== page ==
How to rebalance short/long positions?

Discussion in 'Trading' started by qll, Nov 9, 2007.

  1. qll


    here is an example. you have $100k, $50k to short, and $50k to long. both positions now have 10% profit now. Now you have $45k short and $55k long with $10k reinvestable profit. What do you do? Your short/long ration is changed from 10/10 to 9/11. Should you add 5k to short then sell 5k long positions, to make 1/1 ration again? or add $10k to short, and does not change long? or add 5k to short and add 5k to long?

    Old position:
    $50k short, $50k long, $0 useable margin
    Current positoon:
    $45k short, $55k long, $10k useable margin.

    What to do?
  2. ronblack


    Good question. I would add to the position that generated the profit until some indicators reverse direction.

  3. qll


    using your method, if you keep adding by the same % to profitable positions, the short positions will get smaller and smaller and the long positions will get bigger and bigger.
  4. Rebalance, the portfolio back to the 1/1 ratio.
  5. qll


    that means, i will only add to the short positions.


    it is unhealthy.

    i think add by the same % is the best choice.
    or just think to have two initial 50k accounts. one for short and one for long.

    than 60long/50short will be better balanced.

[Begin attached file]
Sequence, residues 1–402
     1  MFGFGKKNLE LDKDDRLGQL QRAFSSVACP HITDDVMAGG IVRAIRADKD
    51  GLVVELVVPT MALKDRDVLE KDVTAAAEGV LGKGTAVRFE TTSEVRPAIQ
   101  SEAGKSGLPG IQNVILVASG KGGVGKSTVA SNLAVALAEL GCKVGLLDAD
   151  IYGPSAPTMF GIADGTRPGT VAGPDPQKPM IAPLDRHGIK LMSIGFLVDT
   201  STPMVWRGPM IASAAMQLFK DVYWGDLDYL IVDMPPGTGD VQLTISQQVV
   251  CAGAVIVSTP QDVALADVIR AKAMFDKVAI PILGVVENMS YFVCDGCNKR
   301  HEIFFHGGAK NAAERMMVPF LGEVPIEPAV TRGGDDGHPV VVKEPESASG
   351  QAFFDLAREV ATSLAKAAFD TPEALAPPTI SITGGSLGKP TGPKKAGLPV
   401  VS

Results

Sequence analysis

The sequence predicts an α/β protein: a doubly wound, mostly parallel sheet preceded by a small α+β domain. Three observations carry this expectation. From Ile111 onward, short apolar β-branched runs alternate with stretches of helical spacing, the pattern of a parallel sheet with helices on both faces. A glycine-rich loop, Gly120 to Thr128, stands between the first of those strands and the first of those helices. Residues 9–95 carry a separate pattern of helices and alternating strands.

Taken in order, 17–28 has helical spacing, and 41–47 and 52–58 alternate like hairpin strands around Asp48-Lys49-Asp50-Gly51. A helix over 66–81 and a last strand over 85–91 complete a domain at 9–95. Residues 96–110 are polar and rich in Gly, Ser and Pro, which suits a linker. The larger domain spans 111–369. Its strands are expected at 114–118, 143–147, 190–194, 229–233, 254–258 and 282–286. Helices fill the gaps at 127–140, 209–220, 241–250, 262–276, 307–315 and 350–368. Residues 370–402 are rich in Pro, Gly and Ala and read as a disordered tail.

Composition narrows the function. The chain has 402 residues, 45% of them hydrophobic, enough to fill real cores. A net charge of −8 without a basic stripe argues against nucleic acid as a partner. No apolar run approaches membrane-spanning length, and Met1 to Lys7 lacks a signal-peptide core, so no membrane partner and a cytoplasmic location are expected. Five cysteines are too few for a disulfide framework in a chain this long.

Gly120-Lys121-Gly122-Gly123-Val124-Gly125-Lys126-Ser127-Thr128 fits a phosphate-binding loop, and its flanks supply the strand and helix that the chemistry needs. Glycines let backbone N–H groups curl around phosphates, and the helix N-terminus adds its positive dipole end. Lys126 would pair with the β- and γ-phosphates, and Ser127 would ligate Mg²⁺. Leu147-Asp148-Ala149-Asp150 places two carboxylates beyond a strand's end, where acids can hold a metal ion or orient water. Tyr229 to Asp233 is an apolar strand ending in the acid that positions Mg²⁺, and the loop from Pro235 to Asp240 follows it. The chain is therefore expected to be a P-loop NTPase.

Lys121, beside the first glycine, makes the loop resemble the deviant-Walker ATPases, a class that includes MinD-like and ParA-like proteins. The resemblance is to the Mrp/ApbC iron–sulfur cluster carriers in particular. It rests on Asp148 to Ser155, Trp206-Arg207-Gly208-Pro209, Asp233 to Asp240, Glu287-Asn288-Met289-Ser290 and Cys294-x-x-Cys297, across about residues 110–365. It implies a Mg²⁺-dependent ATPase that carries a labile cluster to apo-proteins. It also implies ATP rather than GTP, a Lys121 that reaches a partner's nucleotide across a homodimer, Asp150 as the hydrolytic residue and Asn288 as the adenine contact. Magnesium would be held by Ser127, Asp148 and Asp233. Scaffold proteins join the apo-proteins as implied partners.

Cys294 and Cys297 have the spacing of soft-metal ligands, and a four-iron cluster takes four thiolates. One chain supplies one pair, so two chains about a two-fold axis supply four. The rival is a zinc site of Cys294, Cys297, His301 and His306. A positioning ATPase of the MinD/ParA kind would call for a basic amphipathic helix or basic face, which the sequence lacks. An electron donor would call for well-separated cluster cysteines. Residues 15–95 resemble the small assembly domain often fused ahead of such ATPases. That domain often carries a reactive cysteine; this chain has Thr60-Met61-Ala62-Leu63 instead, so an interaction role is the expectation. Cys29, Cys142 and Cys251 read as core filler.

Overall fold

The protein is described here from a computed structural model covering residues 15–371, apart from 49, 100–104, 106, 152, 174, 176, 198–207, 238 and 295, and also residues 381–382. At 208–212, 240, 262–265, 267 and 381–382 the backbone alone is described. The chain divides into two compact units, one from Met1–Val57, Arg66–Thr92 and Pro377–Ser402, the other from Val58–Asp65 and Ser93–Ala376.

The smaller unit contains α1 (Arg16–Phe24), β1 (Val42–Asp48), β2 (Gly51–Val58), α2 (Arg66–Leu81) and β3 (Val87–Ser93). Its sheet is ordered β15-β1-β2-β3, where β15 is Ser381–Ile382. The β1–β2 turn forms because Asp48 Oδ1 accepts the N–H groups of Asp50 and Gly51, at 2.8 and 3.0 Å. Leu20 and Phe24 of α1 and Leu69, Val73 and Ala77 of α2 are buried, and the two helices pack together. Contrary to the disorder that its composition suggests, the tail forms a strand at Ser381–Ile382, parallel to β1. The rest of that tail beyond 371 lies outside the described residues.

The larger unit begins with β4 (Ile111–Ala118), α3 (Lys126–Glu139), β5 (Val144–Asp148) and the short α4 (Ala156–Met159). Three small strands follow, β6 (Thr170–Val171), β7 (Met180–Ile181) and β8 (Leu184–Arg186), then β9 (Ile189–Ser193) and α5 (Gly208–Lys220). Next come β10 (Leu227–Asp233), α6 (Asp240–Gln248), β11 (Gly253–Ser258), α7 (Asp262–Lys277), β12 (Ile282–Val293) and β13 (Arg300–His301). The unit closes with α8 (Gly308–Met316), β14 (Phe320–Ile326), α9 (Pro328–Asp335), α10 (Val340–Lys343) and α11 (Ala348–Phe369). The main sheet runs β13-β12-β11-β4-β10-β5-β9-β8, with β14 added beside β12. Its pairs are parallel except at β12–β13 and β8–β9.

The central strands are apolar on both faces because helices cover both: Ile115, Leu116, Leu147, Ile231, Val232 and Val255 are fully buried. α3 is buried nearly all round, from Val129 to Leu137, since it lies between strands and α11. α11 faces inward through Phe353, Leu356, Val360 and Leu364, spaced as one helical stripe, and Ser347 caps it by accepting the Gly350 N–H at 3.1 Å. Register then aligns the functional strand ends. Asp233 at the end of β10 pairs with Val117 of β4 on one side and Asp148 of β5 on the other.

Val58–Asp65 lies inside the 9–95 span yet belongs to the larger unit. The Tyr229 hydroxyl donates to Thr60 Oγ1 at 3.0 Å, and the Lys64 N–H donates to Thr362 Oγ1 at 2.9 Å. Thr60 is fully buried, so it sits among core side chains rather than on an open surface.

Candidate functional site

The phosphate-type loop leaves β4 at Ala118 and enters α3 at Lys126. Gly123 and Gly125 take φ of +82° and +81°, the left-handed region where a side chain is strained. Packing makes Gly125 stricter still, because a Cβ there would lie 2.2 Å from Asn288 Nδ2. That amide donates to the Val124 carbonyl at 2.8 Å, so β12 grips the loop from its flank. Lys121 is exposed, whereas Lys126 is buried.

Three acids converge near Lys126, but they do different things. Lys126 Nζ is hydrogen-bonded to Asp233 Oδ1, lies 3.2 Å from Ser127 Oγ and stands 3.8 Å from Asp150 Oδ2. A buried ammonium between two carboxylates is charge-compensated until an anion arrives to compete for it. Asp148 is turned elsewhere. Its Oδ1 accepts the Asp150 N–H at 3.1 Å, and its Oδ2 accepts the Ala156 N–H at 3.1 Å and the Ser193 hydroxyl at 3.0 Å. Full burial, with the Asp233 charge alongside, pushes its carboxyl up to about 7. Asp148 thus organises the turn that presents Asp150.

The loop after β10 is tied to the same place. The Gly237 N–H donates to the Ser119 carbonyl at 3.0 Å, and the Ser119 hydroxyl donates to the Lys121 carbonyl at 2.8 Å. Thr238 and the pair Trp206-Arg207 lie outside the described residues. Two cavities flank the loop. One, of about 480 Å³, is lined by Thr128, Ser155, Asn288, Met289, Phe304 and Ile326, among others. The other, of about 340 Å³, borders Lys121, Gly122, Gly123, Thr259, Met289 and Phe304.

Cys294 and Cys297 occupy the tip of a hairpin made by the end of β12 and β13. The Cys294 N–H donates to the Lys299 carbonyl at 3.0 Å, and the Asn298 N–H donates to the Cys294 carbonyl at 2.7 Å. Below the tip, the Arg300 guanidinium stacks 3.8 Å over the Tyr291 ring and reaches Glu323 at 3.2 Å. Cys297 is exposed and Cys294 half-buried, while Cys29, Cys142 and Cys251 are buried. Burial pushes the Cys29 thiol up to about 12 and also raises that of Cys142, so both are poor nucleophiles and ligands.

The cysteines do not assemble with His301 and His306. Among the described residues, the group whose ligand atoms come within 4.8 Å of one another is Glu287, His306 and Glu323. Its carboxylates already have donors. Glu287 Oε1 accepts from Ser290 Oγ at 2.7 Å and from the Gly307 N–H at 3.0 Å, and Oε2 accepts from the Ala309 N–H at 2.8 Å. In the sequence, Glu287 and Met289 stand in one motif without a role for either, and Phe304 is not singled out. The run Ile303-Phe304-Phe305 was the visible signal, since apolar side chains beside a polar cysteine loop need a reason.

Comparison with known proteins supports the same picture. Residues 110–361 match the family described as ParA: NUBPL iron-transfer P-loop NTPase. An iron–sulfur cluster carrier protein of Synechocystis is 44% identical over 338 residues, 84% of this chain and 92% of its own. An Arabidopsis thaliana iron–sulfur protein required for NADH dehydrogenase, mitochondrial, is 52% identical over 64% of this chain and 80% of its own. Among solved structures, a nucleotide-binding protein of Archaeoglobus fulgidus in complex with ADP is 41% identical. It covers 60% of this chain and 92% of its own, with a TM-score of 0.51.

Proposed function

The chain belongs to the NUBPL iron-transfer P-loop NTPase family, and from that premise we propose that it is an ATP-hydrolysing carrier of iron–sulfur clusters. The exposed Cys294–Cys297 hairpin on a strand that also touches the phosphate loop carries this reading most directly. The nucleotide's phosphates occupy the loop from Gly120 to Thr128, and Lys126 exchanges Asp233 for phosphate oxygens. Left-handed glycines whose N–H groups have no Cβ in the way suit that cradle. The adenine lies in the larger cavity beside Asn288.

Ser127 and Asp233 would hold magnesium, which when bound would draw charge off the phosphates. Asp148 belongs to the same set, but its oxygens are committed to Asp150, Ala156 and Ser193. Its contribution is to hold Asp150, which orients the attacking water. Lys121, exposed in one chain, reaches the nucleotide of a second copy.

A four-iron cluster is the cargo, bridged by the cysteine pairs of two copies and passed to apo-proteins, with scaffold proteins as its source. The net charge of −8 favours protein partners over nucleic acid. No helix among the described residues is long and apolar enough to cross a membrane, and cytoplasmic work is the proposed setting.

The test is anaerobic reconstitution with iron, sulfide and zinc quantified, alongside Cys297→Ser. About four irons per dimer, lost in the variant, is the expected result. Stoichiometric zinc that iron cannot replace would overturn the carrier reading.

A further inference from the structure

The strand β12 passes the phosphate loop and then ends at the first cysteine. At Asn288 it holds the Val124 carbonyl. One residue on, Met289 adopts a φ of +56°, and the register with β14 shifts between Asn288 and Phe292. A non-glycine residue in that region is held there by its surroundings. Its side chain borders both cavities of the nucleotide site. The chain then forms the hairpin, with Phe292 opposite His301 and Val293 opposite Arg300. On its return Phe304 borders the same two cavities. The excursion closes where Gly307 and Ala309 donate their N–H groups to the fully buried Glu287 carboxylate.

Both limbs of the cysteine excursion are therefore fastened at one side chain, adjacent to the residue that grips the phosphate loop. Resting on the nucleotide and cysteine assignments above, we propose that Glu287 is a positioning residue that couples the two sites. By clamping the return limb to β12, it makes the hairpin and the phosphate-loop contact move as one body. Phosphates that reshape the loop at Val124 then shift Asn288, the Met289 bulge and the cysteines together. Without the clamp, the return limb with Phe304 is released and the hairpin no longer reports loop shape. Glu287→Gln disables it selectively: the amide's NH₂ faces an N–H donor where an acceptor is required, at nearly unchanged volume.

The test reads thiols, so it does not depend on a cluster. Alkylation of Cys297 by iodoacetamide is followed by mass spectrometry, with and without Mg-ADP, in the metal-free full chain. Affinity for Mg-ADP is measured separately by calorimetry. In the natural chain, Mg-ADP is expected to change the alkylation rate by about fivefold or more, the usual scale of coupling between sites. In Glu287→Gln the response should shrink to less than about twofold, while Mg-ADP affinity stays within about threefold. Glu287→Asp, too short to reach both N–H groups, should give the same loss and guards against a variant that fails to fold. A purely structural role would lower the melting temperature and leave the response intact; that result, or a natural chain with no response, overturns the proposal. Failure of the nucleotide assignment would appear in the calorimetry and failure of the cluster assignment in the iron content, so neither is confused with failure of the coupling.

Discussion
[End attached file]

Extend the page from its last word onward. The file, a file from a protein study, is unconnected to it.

6. Very good question! This is the key to a profitable outcome in trading:

    (1) So what do you do if the net P/L is negative

    both the long and short are down by

    (a)same amount?

    (b) different much in % of shares/no. of contracts do you scale in on winning side, how much on losing side?

    (2) if net P/L is positive,

    when/at how much %gain do you scale in

    (a) equal amounts on both sides, as suggested by you or
    more on the losing side and less on the winning side-
    is there a better way to scale in?

    (b) how do you apply this concept to hedging spreads with spreads:
  7. qll


    here is my final conclusion:

    just think as you short 50k of the same stock and long 50k of the same stock, then you have a zero total. and no matter how it moves, you have a zero system risk. So here is answer to my question.

    You will increase and decrease by the same amount % of INITIAL investment.


    50/50 -> 55/45 -> 60/50 is the FINAL answer.